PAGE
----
Talking about Java though, I noticed that it’s quite challenging to type code in my notes. The special characters are not easy to type as you have keep changing the view of the keyboard from letters to symbols – which is understandable, given the fact you can only see so much on screen as one time. It also likes to correct any code I type into other “proper” words and changes the formatting of some code. It’s definitely not designed to take programming notes but it can be done.

If you overlook these small problems, I found the iPad to be a solid device for taking notes on and I am happy to report that a notepad has not been seen in my bag at all. It’s SUPER easy to get to my notes on iCloud.com and download them to my USB.

My preferred app for taking notes is Pages because it’s integrated with the iPad and iCloud (being an Apple made app) and is also clean and easy to use. I have seen other students using the built in Notes app, which is great. Another student uses the Notability app and they said they liked the larger text area and the amount of features it has.

At the top of my lecture notes, I like to write the name of the module, followed by the lecture number. It can be very long to keep typing “Object Oriented Programming 2” every time, so I have set up some keyboard short cuts to help me with them 😉


So now I can type “OOP2”, and it will expand automatically!

A small number of students are still lagging behind on pen and paper and an even smaller number are carrying laptops for notes + following slides. However there so are many brave students that are taking notes, following the slides & interacting with the lecture on the iPads.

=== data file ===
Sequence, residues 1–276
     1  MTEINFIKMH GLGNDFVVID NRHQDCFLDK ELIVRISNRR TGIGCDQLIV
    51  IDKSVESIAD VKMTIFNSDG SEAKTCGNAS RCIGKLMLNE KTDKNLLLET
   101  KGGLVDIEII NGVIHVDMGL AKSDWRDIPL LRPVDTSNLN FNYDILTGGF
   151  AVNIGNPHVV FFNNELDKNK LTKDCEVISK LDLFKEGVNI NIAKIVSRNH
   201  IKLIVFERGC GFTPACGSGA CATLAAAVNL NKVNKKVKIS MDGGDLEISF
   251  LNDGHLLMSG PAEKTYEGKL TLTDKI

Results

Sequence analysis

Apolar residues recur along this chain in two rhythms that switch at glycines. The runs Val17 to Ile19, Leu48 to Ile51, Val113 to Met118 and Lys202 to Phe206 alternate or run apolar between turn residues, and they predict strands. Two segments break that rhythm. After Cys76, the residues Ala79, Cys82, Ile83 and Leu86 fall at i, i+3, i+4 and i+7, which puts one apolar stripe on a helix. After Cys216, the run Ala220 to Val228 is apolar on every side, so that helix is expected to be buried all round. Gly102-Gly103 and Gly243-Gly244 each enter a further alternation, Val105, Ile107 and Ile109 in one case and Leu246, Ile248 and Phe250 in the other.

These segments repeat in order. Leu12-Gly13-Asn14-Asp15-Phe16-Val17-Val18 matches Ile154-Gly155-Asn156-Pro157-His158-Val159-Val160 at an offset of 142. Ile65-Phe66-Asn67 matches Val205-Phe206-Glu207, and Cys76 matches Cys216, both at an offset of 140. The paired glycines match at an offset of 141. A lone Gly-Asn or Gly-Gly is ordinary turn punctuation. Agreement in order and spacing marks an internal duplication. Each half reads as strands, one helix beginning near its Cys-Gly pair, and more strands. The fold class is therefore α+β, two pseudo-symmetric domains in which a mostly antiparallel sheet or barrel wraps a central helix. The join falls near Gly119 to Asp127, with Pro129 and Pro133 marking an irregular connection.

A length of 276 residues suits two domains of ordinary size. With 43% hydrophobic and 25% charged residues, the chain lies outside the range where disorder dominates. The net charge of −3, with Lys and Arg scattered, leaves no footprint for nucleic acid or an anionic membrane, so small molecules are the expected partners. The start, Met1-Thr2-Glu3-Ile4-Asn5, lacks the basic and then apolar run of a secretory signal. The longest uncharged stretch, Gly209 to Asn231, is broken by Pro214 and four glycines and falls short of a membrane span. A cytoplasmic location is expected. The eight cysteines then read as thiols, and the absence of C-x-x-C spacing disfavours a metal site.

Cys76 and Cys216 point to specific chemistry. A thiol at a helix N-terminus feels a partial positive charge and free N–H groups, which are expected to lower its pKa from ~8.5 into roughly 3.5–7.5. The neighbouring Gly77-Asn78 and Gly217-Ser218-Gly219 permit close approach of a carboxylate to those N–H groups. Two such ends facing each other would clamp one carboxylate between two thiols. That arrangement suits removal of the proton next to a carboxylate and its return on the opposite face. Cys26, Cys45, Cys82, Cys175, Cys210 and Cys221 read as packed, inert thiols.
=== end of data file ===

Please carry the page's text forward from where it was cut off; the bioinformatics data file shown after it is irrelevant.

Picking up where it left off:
In the next post, I will be talking about textbooks on iPad 🙂


iPad in Lectures

Have the iPads been used in lectures?

The main point was to enhance learning through the use of them.

The answer is… yes!

I have a module called “Professional Practice” this year and the lecturer has encouraged us to bring in our tablets/laptops every single lecture. This lecture is the only one where we use the iPads in every single one so far. It makes a slow, long lecture seem more interesting and engaging.


He uses it as a gateway to Google Forms – to gather answers to questions set by himself. After we complete the form, he displays a graph on the projector showing us the percentage of answers – which he then goes through and gives us explanations on the correct and wrong answers.

Granted, the form can be completed via a laptop or phone too, but he encourages the use of iPad to complete them too.


Screen Shot 2015-12-06 at 20.23.29

Email text from lecturer asking us to make sure we bring iPads fully charged and ready to go!

Another lecturer, for the module ‘Advanced Client Side Web Development’, has been using the iPads with the NearPod app, asking us to follow the slides and complete the short questions in between. This is a great way of seeing how much we’ve picked up or what we are weak on. She does not use the iPads regularly, but we have used them in about 4-5 lectures thus far.

Hopefully more and more tutors will involve the use of iPads from semester 2.